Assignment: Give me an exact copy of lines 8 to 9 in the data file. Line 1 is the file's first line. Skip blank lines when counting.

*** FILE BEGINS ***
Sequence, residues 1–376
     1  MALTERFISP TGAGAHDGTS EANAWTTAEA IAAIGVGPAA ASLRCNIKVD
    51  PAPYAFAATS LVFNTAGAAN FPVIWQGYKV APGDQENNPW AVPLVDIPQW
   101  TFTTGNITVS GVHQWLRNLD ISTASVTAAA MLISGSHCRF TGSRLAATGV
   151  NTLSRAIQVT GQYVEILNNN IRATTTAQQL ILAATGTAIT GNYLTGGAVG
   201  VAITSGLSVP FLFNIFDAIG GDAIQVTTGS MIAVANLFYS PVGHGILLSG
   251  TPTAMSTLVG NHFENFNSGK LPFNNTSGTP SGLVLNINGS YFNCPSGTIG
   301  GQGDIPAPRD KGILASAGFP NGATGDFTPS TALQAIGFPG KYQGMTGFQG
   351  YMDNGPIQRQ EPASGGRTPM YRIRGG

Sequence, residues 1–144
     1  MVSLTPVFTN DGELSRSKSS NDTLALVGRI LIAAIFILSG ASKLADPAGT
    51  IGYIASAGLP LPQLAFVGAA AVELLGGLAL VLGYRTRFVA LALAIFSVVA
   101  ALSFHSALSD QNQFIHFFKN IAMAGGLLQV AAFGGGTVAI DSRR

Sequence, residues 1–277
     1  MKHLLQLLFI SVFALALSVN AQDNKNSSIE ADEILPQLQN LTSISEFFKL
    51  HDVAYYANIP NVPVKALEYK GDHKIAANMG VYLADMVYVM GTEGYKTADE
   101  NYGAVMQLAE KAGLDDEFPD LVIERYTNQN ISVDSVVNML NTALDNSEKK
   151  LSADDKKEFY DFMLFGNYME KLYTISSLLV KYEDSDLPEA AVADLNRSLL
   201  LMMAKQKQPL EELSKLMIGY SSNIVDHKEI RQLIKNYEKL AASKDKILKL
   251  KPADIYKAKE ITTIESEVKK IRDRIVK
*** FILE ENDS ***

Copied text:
   301  GQGDIPAPRD KGILASAGFP NGATGDFTPS TALQAIGFPG KYQGMTGFQG
   351  YMDNGPIQRQ EPASGGRTPM YRIRGG